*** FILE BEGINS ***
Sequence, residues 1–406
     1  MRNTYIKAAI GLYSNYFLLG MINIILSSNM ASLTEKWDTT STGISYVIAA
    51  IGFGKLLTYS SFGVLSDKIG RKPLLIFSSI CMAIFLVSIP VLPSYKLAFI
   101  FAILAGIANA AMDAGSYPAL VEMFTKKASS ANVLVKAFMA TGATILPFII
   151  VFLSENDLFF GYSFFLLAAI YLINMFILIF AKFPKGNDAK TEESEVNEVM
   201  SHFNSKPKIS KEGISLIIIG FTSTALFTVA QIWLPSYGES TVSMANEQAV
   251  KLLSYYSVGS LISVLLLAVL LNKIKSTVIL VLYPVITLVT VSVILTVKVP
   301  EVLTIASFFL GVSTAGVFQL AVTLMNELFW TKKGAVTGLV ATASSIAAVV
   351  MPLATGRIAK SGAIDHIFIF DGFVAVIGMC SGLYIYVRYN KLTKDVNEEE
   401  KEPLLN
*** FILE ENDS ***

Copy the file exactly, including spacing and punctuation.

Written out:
Sequence, residues 1–406
     1  MRNTYIKAAI GLYSNYFLLG MINIILSSNM ASLTEKWDTT STGISYVIAA
    51  IGFGKLLTYS SFGVLSDKIG RKPLLIFSSI CMAIFLVSIP VLPSYKLAFI
   101  FAILAGIANA AMDAGSYPAL VEMFTKKASS ANVLVKAFMA TGATILPFII
   151  VFLSENDLFF GYSFFLLAAI YLINMFILIF AKFPKGNDAK TEESEVNEVM
   201  SHFNSKPKIS KEGISLIIIG FTSTALFTVA QIWLPSYGES TVSMANEQAV
   251  KLLSYYSVGS LISVLLLAVL LNKIKSTVIL VLYPVITLVT VSVILTVKVP
   301  EVLTIASFFL GVSTAGVFQL AVTLMNELFW TKKGAVTGLV ATASSIAAVV
   351  MPLATGRIAK SGAIDHIFIF DGFVAVIGMC SGLYIYVRYN KLTKDVNEEE
   401  KEPLLN